From the land of Nizam comes the biryani with the salan

The fiery flavours of the Hyderabadi biryani and the art of cooking need no introduction

Kalyani Sardesai

From the kitchens of the Nizam comes a biryani so opulent and unabashed in celebrating its myriad flavours that there’s no missing its distinctive identity, despite the fact that it has several variations. Do dig right in, but not without a side dish of mirchi ka salan, a green chilly curry and baghare baingan or roasted eggplant.

According to Khaja Yousufuddin, noted chef and winner of the award-winning restaurant Spice 6:, “Hyderabadi biryani has two types: Sufiyani, which is a biryani made without red chillies, and Zaffrani, which is liberally flavoured with the yellow-orange tinge and flavour of saffron. The Zaffrani can be made in two ways—kacchi gosht ki biryani is raw meat pressure cooked with half-boiled rice—and pakki biryani which has the meat cooked for a short while before being layered with rice. The Sufiyani, however, is only prepared with raw meat or kachcha gosht.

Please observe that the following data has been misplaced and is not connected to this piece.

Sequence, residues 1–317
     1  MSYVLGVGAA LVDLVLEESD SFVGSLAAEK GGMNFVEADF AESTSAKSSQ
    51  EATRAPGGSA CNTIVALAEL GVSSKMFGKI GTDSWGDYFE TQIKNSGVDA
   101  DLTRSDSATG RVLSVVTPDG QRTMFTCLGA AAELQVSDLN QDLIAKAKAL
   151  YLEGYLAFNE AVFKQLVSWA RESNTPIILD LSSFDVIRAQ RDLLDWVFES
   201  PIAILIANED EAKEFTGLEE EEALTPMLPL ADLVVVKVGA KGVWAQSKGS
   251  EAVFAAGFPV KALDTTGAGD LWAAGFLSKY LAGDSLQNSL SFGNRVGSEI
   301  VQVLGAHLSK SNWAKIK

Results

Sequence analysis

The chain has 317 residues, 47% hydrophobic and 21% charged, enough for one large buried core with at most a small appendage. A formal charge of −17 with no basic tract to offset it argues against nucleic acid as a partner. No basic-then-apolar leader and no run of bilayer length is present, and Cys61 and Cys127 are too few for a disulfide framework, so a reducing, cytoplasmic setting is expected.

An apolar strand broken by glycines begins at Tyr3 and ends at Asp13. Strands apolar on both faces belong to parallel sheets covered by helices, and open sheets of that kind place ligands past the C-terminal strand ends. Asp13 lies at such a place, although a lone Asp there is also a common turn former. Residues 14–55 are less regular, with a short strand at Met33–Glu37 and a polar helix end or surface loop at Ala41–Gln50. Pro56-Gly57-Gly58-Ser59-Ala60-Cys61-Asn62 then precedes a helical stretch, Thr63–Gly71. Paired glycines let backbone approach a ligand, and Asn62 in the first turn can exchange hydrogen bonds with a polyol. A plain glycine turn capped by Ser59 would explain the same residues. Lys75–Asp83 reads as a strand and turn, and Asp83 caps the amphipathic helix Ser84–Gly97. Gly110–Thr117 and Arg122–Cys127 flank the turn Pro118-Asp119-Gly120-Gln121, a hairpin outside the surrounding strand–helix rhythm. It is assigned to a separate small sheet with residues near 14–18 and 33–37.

Between the two, the Zaffrani biryani with its uber luxurious taste finds more takers, says Khaja Yousufuddin. “No visit to the Nizam’s city is complete without partaking of this preparation. We are known for kachche gosht ki biryani which is then sealed and steamed. The secret of Hyderabadi biryani is the judicious use of saffron and basmati rice which are the two most distinctive and aromatic ingredients,” he says.

Speaking about the elaborate style of cooking he says, “We marinate the meat, usually mutton or chicken, with spices and then soak them in yoghurt before cooking. The meat is sandwiched between layers of basmati, the vessel sealed with wet flour and cooked on coals. This is not as simple as it sounds as the temperature has to be perfect to avoid either the over or under-cooking of the meat.’

Syed Asim Hussain, president of the Hyderabad Foodies Club, will have you know that the original, true-blue biryani is not something most people can take, let alone digest. “It is a humungous task, what with the (hold your breath!) 78 masalas jostling for space,” he says. “Honestly it’s too fiery, too in your face, so the popular recipe uses fewer masalas but is just as delicious. The thing with Hyderbad biryani is that it is redolent of the unique culture of the erstwhile Hyderabad state.” Just look at the distinctive accompaniments of mirchi ka salan and roasted brinjal and you get the drift.

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